Hundreds Protest Against Buddha Bar
Hundreds of people protested in Jakarta on Wednesday against the local branch of the Buddha Bar chain, demanding its closure and saying it threatened interfaith relations.
About 300 people from a group calling itself “People’s Alliance to Close Buddha Bar” gathered in white shirts outside the bar, shouting “Close Buddha Bar right now.”
The plush lounge bar and restaurant, a franchise of the French-based chain, faced a series of demonstrations last year from enraged members of Indonesia’s Buddhist minority who considered the name an insult to their religion.
It adjusted its name to “Buddhabar” but that failed to quell the protests.
“We’re worried the existence of Buddha Bar can damage relations between people from different religions, and can also threaten the nation’s unity,” rally spokesman Karya Elly said.
Elly said the group demanded that the government immediately close the bar – known for its trademark lounge music and Oriental design – because it had been mired in religious controversy since it opened in late 2008.
“Although I’m a Christian, I feel that the name of the bar has defamed Buddhism as a religion. The government should close the bar, then change its name if they want to re-open it,” he said.
Elly said they had also protested outside the French embassy, urging the French government to pressure the chain, which is owned by the George V Eatertainment group, to revoke the licence of the Indonesian franchise holder.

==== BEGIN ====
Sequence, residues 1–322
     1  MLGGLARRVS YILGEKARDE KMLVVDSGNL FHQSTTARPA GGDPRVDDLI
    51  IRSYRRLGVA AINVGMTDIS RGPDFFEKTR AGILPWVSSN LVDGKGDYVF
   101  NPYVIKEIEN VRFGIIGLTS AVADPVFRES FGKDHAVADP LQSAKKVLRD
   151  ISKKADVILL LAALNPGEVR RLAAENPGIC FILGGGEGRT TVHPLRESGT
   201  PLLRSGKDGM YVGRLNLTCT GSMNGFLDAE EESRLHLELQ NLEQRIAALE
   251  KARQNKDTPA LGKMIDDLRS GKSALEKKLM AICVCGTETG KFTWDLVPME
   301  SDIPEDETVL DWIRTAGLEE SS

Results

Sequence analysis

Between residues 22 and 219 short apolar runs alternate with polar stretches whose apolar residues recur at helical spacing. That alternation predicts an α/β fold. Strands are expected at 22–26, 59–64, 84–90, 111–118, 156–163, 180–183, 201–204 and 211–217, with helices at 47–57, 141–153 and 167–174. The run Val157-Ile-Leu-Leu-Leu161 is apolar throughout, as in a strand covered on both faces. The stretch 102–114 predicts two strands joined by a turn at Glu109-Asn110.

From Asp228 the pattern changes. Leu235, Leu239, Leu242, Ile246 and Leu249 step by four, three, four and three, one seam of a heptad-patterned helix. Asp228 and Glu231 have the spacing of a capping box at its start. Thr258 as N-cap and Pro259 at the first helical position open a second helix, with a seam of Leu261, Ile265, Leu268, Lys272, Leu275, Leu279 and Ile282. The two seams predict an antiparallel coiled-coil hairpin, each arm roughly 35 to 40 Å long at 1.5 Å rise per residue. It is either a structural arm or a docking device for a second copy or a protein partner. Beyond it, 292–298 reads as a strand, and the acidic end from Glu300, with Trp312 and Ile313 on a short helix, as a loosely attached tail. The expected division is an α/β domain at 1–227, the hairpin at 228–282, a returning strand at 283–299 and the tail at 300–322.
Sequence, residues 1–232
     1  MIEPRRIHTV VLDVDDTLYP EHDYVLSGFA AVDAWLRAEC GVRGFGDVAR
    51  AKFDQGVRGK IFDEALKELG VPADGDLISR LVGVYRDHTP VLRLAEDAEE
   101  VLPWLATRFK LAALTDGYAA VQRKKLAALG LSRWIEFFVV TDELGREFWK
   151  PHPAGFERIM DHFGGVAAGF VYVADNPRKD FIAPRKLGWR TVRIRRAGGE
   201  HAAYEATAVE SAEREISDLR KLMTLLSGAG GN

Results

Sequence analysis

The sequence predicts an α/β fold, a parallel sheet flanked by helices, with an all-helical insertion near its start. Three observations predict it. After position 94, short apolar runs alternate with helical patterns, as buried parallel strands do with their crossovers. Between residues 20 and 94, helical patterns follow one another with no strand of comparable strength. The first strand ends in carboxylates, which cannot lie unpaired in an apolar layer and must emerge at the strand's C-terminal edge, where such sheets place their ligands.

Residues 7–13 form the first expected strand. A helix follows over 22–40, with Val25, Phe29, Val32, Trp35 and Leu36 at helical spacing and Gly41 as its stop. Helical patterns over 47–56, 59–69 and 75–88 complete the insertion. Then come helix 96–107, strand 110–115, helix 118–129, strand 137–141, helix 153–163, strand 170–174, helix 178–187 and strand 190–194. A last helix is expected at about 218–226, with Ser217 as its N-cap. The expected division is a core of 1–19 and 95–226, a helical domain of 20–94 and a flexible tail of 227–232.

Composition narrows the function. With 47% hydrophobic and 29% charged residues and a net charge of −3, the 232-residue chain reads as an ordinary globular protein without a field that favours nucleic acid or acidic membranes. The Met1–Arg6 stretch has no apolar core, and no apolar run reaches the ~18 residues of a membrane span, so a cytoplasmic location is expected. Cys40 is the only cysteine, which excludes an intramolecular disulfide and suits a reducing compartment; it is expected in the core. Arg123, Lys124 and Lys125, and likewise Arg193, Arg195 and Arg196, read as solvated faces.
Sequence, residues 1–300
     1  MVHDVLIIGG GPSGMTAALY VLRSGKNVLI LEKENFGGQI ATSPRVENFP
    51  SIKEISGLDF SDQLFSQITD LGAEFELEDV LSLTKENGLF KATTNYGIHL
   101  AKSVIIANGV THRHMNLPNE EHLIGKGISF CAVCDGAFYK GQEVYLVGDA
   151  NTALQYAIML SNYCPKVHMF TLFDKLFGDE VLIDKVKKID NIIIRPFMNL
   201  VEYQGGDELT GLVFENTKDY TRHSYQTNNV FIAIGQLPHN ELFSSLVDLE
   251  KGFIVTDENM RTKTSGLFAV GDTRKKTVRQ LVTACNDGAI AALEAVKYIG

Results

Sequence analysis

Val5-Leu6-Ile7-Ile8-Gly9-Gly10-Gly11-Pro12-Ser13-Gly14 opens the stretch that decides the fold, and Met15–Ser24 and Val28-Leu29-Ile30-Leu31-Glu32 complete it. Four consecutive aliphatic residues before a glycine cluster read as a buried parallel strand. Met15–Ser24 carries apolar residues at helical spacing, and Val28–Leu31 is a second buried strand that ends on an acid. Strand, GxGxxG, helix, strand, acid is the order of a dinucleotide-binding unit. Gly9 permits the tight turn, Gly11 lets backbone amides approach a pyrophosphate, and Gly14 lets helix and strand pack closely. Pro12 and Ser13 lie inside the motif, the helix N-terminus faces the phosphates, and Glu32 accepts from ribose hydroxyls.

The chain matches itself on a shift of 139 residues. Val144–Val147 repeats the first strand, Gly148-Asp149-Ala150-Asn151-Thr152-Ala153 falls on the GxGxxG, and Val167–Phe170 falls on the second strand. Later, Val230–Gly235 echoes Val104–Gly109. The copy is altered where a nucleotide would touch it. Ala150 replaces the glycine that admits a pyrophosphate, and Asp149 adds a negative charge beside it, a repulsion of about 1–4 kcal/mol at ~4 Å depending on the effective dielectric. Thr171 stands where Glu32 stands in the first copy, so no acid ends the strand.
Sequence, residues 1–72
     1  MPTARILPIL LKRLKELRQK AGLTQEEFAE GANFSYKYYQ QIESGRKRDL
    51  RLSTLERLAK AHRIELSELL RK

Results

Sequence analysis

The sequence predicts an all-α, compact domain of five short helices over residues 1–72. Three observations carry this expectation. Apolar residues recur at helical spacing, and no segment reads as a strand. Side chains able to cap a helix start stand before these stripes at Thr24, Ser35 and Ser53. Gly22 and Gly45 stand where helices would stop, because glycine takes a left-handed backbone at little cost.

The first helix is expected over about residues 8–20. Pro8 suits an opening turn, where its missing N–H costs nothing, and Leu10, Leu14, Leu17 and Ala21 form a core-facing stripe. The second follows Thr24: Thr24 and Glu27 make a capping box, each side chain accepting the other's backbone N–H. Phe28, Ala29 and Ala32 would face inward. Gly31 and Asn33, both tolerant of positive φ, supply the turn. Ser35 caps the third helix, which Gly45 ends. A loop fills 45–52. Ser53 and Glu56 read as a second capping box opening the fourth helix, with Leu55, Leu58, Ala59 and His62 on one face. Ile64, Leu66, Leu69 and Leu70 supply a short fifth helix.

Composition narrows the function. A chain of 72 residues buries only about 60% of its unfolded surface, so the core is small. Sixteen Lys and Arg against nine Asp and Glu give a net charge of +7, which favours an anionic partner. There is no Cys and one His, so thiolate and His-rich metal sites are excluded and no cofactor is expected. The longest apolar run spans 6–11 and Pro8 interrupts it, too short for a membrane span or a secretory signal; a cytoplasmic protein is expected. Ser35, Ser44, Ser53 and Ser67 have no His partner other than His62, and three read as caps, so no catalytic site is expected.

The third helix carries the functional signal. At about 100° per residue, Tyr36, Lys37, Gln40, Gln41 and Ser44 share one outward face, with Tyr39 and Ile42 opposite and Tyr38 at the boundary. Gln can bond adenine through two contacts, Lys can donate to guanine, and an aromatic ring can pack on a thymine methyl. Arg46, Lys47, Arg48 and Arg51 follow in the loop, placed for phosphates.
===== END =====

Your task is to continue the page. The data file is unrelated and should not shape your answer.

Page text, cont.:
“The bar has tarnished the good name of Buddha. There are prostitutes hanging out there, and that cannot be forgiven,” university student Catur Setiawan said.
Setiawan, a 22-year-old Buddhist, said the presence of Buddhist statues in the bar insulted his religion. A five-metre statue of a golden sitting Buddha gazes over its main dining area.
“What’s next? Christ Bar, Islam Bar, Hindu Bar?” Buddhist protester Yani, 70, said while holding a banner filled with supporting signatures.
The bar’s management could not immediately be reached for comment.
Muslims make up roughly 90 percent of Indonesia’s 234 million-strong population, but the constitution also recognises the country’s Christian, Hindu, Buddhist and Confucian minorities.Filed under: Headlines